Principals brace for crowds as K registration begins

BY KAITLYN MEADE  |  Kindergarten registration opened up last week for public schools in New York City, and with more kids than previous years looking for K seats, it may be an even  tighter fit than last year.

The kindergarten registration period for Fall 2013 started Jan. 22 and ends March 1. While enrollment is certainly not first-come-first-served, educators are warning parents to register their kindergartners for schools now.

“If they’re considering public school, parents should make sure they’re registered at their locally zoned school,” said Principal Terri Ruyter of the Battery Park City School (P.S. 276). “The more accurate account we have about how many kids in the neighborhood need seats, the better we can plan.”

Some parents who are “not paying attention” show up on Sept. 1 and expect to get a school seat, Ruyter said. Others, who initially register for their zoned school but later opt for private or alternative education, should make sure to let the public schools know that that seat is free.

“There are other people on the waitlist,” Ruyter noted. “It’s being a good community member.”

This is all the more pressing for P.S. 276 because of Downtown’s now notorious school overcrowding. Last year, P.S. 276 opened an online petition to ask city and state representatives to find other spaces for Kindergarten students.

The petition begins by warning that the “short-sighted fixes” have pushed the capacity of the school, and jeopardizes its future, particularly for its specialized, science, art and Pre-K programs. “Since we opened our doors, the D.O.E. has forced us to take on additional kindergarten classes (4 classes in 2010, 5 classes in 2011, and 5 classes in 2012.)”

The petition states that as of Oct. 1, 2012, kindergarten was 65 percent over capacity, with five sections rather than the three sections it was initially designed for — leaving no room for the fifth grade classes set to open in the 2013-2014 school year.

When asked if P.S. 276 will have to take on yet another additional kindergarten class this year, Ruyter said she did not know. As for the ever-increasing pool of students, she said that there was a team of parents, educators and representatives who were monitoring the situation and looking for solutions. As for enrollment so far this year, she said, “It’s going very well.”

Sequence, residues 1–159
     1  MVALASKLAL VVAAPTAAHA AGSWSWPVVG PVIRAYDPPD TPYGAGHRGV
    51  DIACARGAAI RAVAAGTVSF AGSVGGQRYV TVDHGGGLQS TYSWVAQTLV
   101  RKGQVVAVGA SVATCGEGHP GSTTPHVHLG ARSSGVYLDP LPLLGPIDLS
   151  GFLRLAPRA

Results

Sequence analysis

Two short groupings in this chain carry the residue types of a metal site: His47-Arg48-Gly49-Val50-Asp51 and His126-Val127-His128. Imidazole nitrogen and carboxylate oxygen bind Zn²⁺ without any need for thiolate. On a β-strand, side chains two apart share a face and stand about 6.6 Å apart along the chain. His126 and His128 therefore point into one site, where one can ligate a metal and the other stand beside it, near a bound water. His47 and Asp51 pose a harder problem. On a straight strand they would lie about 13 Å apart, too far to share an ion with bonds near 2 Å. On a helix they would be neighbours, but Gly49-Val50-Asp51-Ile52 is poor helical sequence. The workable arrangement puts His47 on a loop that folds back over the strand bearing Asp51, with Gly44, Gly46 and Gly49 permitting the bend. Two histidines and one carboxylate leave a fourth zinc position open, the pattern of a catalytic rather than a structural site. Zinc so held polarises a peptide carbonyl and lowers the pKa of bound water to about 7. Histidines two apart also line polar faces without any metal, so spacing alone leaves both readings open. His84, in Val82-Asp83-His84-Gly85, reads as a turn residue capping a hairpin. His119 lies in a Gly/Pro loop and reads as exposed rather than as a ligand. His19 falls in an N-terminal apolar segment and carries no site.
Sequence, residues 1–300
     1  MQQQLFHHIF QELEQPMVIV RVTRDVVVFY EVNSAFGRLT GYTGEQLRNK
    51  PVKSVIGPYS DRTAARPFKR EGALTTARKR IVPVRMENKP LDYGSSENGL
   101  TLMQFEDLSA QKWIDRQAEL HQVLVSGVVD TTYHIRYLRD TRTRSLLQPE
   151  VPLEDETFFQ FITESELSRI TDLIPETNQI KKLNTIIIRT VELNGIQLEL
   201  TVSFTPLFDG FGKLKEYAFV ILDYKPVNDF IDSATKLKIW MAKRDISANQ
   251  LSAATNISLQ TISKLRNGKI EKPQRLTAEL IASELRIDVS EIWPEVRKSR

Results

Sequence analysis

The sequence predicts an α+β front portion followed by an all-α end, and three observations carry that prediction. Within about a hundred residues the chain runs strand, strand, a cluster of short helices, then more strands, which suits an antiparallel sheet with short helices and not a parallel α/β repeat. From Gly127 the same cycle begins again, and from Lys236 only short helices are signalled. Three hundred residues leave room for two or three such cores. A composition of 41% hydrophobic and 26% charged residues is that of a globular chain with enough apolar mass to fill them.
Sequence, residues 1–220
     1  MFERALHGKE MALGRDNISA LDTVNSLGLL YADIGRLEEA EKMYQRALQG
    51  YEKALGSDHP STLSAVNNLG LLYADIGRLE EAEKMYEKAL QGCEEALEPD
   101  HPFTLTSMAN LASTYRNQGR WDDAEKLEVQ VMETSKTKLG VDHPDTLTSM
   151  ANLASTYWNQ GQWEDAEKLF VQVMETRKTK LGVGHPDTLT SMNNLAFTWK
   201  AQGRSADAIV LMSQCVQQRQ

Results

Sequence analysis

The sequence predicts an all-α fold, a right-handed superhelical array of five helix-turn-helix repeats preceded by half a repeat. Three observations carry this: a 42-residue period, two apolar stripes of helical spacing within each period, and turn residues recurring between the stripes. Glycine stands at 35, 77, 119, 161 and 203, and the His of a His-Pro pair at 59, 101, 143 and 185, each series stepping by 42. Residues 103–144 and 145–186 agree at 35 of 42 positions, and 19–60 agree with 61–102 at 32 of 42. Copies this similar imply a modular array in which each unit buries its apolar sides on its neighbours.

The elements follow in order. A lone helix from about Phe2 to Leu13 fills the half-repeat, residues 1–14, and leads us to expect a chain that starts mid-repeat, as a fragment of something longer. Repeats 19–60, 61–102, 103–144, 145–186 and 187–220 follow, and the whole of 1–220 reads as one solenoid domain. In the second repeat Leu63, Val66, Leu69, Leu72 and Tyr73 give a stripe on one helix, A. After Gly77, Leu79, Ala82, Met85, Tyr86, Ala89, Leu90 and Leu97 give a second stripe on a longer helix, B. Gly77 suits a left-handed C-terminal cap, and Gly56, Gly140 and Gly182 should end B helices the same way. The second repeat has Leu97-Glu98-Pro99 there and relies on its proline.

The Peck Slip School, incubated in the Tweed Courthouse, opened in 2012 with two kindergarten classes and will also to have two K sections in the upcoming year.

“It’s looking more robust than last year, but similar,” said Principal Maggie Siena of January 2013 registration. “I think we’re up to about 20 right now. I’m hoping we get 50, which is what we’re projected for.

The plan is for the school to have two classes of each grade until it moves into the Peck Slip Post Office location in 2015, which will allow it to expand to five kindergarten classes.

However, even these additions will not alleviate Downtown’s school overcrowding. The number of kids under 5 grew by 147 percent between 2000 and 2010, according to a report to the City Council by Eric Greenleaf, a professor at N.Y.U.’s Stern School of Business and member of Assembly Speaker Sheldon Silver’s School Overcrowding Task Force.

In the 2012-13 school year, elementary schools in Community District 1 admitted 72 more kindergartners than they have space for. If the trend continues over the next three years, there may be a deficit of 250-300 kindergarten seats by 2015.

Families in District 2, which stretches from 96th St. in Manhattan down F.D.R. Drive and encompasses all of Lower Manhattan except for the Lower East Side, must apply in person at their zoned school. If families would like to apply to more than one zoned school, they may do so, but have to apply to each one separately and in person.

Priority is generally given to students who live within that school’s zone and who have siblings already attending.

The exception is P.S. 150 in Tribeca, which is the only non-zoned public school in Lower Manhattan. This K-5 school gives priority to students zoned to P.S. 89, P.S. 234, P.S.276, the Peck Slip School and Spruce Street School, whose siblings will be enrolled in 2013.

To apply, check with the Manhattan Enrollment Office at 333 7th Avenue, 12th floor. Students will receive offers from the school in April.

The D.O.E. is opening a new online application process this year for “unzoned schools” in District 1, a “choice” school district in the Lower East Side with no zoned schools.

To help parents browse schools in NYC, the D.O.E. recently published an elementary school directory, which can be found in schools as well as online under “Enrollment Publications.” The directories provide district-by-district data on elementary school ratings, statistics and school programs. For more info, visit nyc.gov/schools/kindergarten or call the Enrollment Office at 718-935-2009.

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